Two full years after the last monthly employment count of the pre-pandemic era, seasonally adjusted private-sector payrolls in New York State remained 454,000 jobs below the February 2020 level — by far the largest remaining employment deficit in any state.

IMPORTANT: See correction update at end of this post.

As of February, job counts in 15 states had surpassed their pre-pandemic employment levels, according to federal Bureau of Labor Statistics data released today. The nation as a whole had recovered 19.6 million of the 21 million jobs lost in the spring of 2020, placing it within 1.1 percent of fully recovering from the pandemic based on seasonally adjusted estimates.

New York, however, was still 5.4 percent below its pre-pandemic employment level. On a percentage basis, only Hawaii was worse off.

 

State COVID-19 lockdowns and other restrictions alone don’t seem to provide much explanation for these differences. The neighboring states of New Jersey, Connecticut and Massachusetts were also hit hard and early by the COVID-19 outbreak of March 2020, yet all three were much closer to fully recovering their lost jobs in February. California, which imposed similarly tight restrictions on normal business and public activities, was 1.6 percentage points below its February 2020 total; with an employment base nearly twice as large as New York’s, California was only 243,000 jobs below its pre-pandemic employment level.

During the month of February, employment in Texas and Florida—which had less stringent Covid restrictions—continued growing to new all-time highs, 2.2 percent and 2.4 percent, respectively, above their pre-pandemic level. Two years earlier, Florida had 399,499 fewer private-sector jobs than New York; but as of last month, private employment in the Sunshine State had grown to 244,000 jobs above the New York level. The Southeast and Mountain West states, with few exceptions, have recovered from the pandemic recession more quickly than the Northeast and Upper Midwest.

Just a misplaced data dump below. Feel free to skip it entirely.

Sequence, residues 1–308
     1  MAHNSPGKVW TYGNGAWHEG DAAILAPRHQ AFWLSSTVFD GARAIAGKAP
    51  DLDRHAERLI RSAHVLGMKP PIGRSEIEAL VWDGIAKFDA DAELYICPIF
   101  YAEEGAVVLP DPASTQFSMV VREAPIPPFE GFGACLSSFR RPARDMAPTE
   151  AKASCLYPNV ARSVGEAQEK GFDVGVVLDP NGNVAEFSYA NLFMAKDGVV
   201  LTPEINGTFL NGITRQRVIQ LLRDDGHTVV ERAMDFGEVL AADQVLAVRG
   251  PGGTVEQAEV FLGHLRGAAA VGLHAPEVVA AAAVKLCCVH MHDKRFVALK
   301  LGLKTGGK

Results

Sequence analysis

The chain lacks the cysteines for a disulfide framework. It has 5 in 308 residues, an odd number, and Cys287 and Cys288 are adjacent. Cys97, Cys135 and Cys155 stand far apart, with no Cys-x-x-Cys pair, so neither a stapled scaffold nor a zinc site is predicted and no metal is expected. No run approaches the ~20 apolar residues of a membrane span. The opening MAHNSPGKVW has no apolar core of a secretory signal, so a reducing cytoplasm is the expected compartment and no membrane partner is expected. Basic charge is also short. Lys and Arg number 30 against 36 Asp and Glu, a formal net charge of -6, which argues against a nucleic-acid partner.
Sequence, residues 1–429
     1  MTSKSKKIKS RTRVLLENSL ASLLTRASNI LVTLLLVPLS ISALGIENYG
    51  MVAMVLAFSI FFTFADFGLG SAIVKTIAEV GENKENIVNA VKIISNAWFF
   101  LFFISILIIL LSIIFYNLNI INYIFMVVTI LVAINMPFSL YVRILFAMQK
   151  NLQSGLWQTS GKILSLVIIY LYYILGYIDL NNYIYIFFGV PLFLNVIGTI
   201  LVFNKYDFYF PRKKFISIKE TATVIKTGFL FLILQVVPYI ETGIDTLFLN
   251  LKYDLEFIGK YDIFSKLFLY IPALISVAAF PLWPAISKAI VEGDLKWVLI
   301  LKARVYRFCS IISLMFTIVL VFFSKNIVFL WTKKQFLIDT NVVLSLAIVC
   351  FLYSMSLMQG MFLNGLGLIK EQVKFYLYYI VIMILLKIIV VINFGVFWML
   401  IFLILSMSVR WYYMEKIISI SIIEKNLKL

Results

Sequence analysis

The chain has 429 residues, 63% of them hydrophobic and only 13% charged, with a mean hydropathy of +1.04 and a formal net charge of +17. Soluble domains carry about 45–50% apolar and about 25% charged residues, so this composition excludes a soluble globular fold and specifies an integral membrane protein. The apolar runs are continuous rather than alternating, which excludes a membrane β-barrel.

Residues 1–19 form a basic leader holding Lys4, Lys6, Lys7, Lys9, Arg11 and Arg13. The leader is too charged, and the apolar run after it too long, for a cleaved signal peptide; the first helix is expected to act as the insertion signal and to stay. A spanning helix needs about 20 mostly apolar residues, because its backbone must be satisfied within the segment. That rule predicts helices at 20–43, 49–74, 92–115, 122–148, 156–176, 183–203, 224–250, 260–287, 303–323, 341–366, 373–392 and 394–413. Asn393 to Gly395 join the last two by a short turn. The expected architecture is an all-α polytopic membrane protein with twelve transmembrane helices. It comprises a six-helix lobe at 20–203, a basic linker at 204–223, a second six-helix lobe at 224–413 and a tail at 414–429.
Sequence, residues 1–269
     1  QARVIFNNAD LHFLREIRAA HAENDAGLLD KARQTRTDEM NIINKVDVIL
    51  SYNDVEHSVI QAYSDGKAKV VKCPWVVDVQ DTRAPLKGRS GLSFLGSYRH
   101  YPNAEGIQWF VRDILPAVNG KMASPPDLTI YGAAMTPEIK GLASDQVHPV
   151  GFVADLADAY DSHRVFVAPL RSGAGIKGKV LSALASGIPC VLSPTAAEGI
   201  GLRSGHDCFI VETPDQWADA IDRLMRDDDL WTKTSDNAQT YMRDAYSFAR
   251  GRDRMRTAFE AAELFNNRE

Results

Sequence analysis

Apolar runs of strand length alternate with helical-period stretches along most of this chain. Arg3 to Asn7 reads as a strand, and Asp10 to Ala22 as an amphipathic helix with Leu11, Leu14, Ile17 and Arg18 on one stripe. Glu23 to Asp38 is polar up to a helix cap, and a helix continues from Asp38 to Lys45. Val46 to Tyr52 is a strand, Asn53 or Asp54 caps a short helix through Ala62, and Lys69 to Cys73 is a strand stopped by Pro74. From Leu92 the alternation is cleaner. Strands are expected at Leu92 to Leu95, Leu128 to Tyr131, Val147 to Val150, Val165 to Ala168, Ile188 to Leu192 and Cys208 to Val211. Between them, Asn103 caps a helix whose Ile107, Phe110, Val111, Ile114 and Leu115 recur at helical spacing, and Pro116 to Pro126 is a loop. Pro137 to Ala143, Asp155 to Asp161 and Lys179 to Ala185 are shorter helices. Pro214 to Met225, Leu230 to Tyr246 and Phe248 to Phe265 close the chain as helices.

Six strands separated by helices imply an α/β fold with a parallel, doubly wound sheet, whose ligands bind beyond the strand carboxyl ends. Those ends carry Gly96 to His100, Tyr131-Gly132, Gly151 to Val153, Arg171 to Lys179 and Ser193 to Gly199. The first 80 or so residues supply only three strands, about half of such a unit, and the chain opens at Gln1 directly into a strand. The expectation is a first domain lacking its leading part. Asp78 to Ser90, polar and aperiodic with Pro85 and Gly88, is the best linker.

Regional breakdown

One a non-seasonally adjusted basis, comparing February 2022 to February 2020, the U.S. was a single percentage point below its pre-pandemic employment total while New York State as a whole was still 5.5 percent short of the mark.

Unsurprisingly, the state’s employment loss has been concentrated in New York City, the epicenter of the pandemic, which was still 282,700 jobs, or 6.9 percent, below the employment level of two years’ earlier. However, all but one of New York’s 14 other metro areas also trailed well behind the national jobs recovery rate. The exception was the smallest, Watertown-Fort Drum, where employment as of February was up 1.4 percent from 2020.

In response to the especially severe impact in New York, the federal government over the past two years has flooded the state with wave after wave of aid, totaling more than $270 billion. The state’s senior U.S. senator, Majority Leader Chuck Schumer, has boasted that the influx of federal money “enabled us not only to overcome Covid, but to get out of the ditch and begin to move forward again.”

But as the employment figures continue to show, the Empire State’s forward progress since the Covid outbreak has been exceptionally slow—suggesting it will take more than federally subsidized government spending to ignite the economic growth New York needs.

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Due to a data transcription error by the author, the original version of this post, including the rollover map of the 50 states, contained inaccurate percentage values for changes in seasonally adjusted employment for New York and other states from February 2020 to February 2022 (the percentages as originally reported were erroneously calculated from a March 2020 starting point).

The map has been updated with correct percentages, and percentages updated in this post are indicated with boldfaced type.  Also updated, as indicated in boldface, is the number of states that as of February had exceeded their pre-pandemic employment levels (the correct number is 15). 

About the Author

E.J. McMahon

Edmund J. McMahon is Empire Center's founder and a senior fellow.

Read more by E.J. McMahon

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